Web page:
Kennett in Dunklin County, Missouri — The American Midwest (Upper Plains)
Here in the Southeast Lowland Region of Missouri on a Delaware and Shawnee Indian village site, Kennett was laid out as the seat of Dunklin County, 1846. The town was first called Chilletecaux for a Delaware Indian living here at the time. Later known as Butler, it was named for Mayor of St. Louis L.M. Kennett, 1851. The county name honors Gov. Daniel Dunklin.
Kennett grew as a trade and legal center as Dunklin developed into a noted cotton, soybean, and livestock farming area. When organized in 1845, Dunklin County was an isolated region of forest, overflowed land, and swamp bearing the marks of the New Madrid earthquakes of 1811-12. First settlers, hunters and trappers, were followed by others who came to harvest the forests.
Effective land reclamation began in 1893 when the state provided for organization of county drainage districts and levees on the St. Francis River. Dunklin County is in the Little River Drainage District, one of the largest drainage systems in the U.S., organized 1905. Drainage districts include some 300,000 of Dunklin's 347,524 acres.
Kennett is the seat of the first "Bootheel" county formed
In the Civil War, the county was known as the "Independent State of Dunklin" after adoption of a resolution at Clarkton, 1862, that Dunklin would secede from the Union. Union troops were in Kennett and Clarkton briefly, 1863, and gerrilla raiders roamed the area constantly. Recovery began with the coming of the Little River Valley and Ark. R.R. (Cotton Belt) to Malden, 1878. A branch reached Kennett, 1890. Reclamation begun in 1890's brought population increase from 21,706 in 1900 to 45,329 in 1950.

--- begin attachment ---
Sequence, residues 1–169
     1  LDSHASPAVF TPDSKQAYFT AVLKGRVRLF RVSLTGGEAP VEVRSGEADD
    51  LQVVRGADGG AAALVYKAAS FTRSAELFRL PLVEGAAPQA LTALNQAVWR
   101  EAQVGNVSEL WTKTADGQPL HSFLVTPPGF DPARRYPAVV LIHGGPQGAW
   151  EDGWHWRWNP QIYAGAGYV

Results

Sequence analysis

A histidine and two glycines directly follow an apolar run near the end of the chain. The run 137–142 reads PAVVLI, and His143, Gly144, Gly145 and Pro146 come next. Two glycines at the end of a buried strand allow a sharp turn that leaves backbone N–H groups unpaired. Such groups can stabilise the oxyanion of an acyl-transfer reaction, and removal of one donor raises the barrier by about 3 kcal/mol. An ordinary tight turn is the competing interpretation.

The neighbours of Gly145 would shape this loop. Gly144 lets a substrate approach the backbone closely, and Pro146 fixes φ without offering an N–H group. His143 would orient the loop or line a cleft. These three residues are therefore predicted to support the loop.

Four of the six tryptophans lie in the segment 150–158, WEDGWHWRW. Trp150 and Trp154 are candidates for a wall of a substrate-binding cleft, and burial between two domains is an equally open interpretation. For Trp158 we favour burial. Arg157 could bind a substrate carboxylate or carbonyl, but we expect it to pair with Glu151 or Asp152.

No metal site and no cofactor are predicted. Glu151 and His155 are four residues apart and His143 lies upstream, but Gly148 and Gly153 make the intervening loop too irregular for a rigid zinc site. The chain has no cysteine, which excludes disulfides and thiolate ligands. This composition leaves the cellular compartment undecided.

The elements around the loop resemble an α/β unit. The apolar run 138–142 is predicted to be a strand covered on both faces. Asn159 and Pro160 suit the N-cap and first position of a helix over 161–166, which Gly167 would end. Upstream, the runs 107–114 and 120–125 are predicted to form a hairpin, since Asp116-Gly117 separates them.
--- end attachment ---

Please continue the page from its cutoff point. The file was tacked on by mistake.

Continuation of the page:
Here in Dunklin County, near Cardwell on the St. Francis River, the 230 altitude is the lowest spot in Mo. The eight copper, eagle-embossed, Indian ceremonial plates now a part of the Wulfing Collection at Washington University in St. Louis were found to the north, near Malden, 1906.
Erected 1957 by State Historical Society of Missouri and State Highway Commission.
Topics and series. This historical marker is listed in these topic lists: Agriculture • Native Americans • Settlements & SettlersWar, US Civil. In addition, it is included in the Missouri, The State Historical Society of series list. A significant historical year for this entry is 1846.
Location. 36° 14.232′ N, 90° 3.335′ W. Marker is in Kennett, Missouri, in Dunklin County. Marker is at the intersection of College Street and North Court Square, on the right on College Street. Located in front of the old City Hall building, now occupied by the Dunklin County Museum. Touch for map. Marker is in this post office area: Kennett MO 63857, United States of America. Touch for directions.
Other nearby markers. At least 1 other marker is within walking distance of this marker. The Village of Kennett (about 300 feet away, measured in a direct line).
More about this marker. This marker was located in front of the hospital on the east side of town, near the intersection of 1st Street and Teaco Road. It was moved in the 1990s.
Also see . . . How did the state boundary of Missouri come to include the "Bootheel"?. Local lore has many reasons for the creation of Missouri's boot heel. A popular one is that a local land owner entertained the surveyors with strong drinks. This article sets aside the myths. As with many boundary issues, it was a simple case of political influence. (Submitted on March 30, 2009, by Craig Swain of Leesburg, Virginia.)
Credits. This page was last revised on December 17, 2020. It was originally submitted on March 30, 2009, by Craig Swain of Leesburg, Virginia. This page has been viewed 2,190 times since then and 60 times this year. Photos: 1, 2, 3, 4, 5, 6, 7, 8, 9, 10, 11. submitted on March 30, 2009, by Craig Swain of Leesburg, Virginia.